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Updated: March 14, 2023

NASA Celebrates Pi Day, Highlights Pi's Significance in Scientific Endeavours

Here is how NASA employs Pi in its daily operations, from landing parachutes on Mars to determining if distant exoplanets are habitable.

If you use the American calendar, today is March 14th. It's Pi Day, one of the few days of the year when mathematicians and scientists who work with numbers are honored. But did you know that NASA, the American space agency, employs Pi in its daily operations?

Pi, or, is the mathematical constant that denotes the ratio of a circle's circumference (the length of its border if it were a straight line) to its diameter (the length of the longest line that can pass through its centre and end at its border).

Pi's approximate value is 3.14. This is why March 14 is observed as the anniversary of one of mathematics' most well-known symbols. NASA has provided a list of the many ways it employs the symbol in its work to highlight its significance to science. Here are a few examples.

Unknown worlds are being mapped

Maps were created by ancient Earth explorers such as Columbus and others when they traveled to different countries and geographical masses. Similarly, when spacecraft visit other planets, they create maps that document the planet's processes, such as how water travels across the globe.

Spacecraft create these maps while they orbit other worlds. They do, however, feature cameras with rectangular fields of view that capture images in "bands" on the planet's surface. Scientists use a method that includes Pi to calculate how many photos it will take to map the entire world.

Discovering new worlds

Pi is useful not only for reaching a planet and mapping it; scientists also utilize it to look for faraway planets. Powerful telescopes in space and on Earth measure how much light faraway stars radiate. When an exoplanet (a planet beyond our solar system) passes by a star, the telescope will detect a dip in the amount of light emitted by the star.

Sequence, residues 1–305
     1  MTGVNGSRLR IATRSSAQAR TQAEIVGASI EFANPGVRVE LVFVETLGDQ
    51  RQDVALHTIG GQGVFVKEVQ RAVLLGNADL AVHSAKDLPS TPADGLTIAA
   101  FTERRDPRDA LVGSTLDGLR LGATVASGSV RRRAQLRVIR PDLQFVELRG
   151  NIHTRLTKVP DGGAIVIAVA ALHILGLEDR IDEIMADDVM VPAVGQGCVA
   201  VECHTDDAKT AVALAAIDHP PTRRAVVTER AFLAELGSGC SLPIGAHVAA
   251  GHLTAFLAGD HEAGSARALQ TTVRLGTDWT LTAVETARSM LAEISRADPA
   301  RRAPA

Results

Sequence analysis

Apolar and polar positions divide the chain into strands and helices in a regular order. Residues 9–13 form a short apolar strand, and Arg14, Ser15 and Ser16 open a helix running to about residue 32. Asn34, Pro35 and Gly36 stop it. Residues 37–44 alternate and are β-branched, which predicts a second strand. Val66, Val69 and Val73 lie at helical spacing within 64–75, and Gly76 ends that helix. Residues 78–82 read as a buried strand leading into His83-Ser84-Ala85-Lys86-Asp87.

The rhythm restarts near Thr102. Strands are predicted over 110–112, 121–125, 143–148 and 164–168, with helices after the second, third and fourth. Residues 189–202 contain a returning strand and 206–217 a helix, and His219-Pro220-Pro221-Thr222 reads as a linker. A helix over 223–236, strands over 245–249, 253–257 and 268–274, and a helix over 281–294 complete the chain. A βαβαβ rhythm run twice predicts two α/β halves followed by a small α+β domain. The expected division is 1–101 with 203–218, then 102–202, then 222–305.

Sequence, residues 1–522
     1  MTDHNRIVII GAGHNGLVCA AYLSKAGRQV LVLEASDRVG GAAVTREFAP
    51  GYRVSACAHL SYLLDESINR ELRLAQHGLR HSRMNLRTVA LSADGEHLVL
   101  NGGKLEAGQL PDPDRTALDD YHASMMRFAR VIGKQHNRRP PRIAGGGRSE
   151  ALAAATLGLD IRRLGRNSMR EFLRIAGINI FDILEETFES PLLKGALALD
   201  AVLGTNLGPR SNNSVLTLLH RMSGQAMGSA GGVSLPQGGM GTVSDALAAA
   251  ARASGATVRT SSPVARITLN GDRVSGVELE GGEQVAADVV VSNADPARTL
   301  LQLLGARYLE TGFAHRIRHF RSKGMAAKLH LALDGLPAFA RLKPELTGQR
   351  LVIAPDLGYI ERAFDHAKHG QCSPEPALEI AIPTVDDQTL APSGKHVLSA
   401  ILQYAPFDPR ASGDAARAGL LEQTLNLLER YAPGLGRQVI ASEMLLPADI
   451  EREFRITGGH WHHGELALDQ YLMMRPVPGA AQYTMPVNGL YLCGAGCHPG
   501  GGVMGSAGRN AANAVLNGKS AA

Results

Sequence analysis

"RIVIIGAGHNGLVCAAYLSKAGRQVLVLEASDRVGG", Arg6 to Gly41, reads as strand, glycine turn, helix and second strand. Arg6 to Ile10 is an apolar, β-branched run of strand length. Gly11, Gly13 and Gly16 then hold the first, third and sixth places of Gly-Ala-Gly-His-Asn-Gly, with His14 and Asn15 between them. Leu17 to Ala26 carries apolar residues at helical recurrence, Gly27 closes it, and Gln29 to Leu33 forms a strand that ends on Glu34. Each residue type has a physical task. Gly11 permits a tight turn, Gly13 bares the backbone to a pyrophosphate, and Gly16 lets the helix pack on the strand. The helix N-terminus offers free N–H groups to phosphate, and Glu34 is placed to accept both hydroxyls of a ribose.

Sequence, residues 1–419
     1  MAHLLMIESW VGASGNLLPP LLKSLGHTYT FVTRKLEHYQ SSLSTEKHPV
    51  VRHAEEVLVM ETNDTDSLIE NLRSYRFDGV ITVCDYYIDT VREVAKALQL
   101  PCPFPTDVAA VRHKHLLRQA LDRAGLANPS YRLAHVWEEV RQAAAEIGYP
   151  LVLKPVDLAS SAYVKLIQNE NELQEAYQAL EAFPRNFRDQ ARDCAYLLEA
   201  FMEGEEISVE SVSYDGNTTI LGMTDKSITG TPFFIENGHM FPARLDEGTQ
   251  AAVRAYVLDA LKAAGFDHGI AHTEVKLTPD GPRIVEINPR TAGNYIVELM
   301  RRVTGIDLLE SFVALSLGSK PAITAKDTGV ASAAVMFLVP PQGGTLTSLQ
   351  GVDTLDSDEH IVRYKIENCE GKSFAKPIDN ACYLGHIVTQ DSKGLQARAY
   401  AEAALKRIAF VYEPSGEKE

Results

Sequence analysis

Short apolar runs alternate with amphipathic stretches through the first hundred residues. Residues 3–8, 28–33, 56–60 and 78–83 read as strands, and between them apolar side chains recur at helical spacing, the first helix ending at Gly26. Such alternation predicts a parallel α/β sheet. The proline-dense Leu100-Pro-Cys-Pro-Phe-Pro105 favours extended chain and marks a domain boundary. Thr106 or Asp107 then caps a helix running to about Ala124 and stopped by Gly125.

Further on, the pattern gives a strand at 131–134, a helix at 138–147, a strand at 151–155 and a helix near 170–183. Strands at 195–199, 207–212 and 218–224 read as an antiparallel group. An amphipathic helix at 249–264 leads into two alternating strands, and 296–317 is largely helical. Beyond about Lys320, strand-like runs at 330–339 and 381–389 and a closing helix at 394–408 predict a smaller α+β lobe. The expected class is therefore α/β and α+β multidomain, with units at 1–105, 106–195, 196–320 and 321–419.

Scientists will calculate the size of the planet that passed in front of the star using this percentage value and the formula for the area of a circle.

Finding worlds that could support life

One of the most intriguing questions after discovering new exoplanets is whether those planets can host life as we know it. They are said to as "potentially habitable" if they can. Scientists use Pi to determine if exoplanets are habitable, which should come as no surprise.

A habitable planet must be in a "Goldilocks zone," where it is neither too distant from nor too near to the star it orbits. It requires the proper amount of heat for life to occur, yet too much heat can kill it. Pi is used by scientists to determine the inner and outer margins of the goldilocks zone around a specific star.

Following that, they use Pi and Kepler's third law to determine how long it takes an exoplanet to complete one full orbit of a star, revealing the planet's location and if it is in the Goldilocks zone.

Mars parachute jump

What if scientists wish to land on another planet after learning how to use Pi to learn more about it? Pi is yet again beneficial here. Pi is used by NASA scientists to land rovers and landers on Mars.

According to NASA, no two Mars landings are alike, yet they all have one thing in common: parachutes. When you drop something on the Martian surface, it is critical that the object be slowed down by the thin Martian atmosphere.

Engineers must consider everything from the mass and velocity of the spacecraft to the elevation of the landing spot and the density of the atmosphere when constructing parachutes that can do this. Pi assists them in determining the size of the parachute required to provide adequate drag to halt the descent of an object.

Asteroid and comet tracking

Pi may be used to investigate not only planets, but also asteroids and comets! Scientists at NASA's Center for Near-Earth Objects are entrusted with measuring the rotation rates of asteroids and comets, among other things.

Scientists can estimate how long it takes an object to complete one complete rotation on its axis based on observations made from Earth. Scientists can estimate the angular velocity of an object, whether it is an asteroid or a comet, using this figure and the pi formula.



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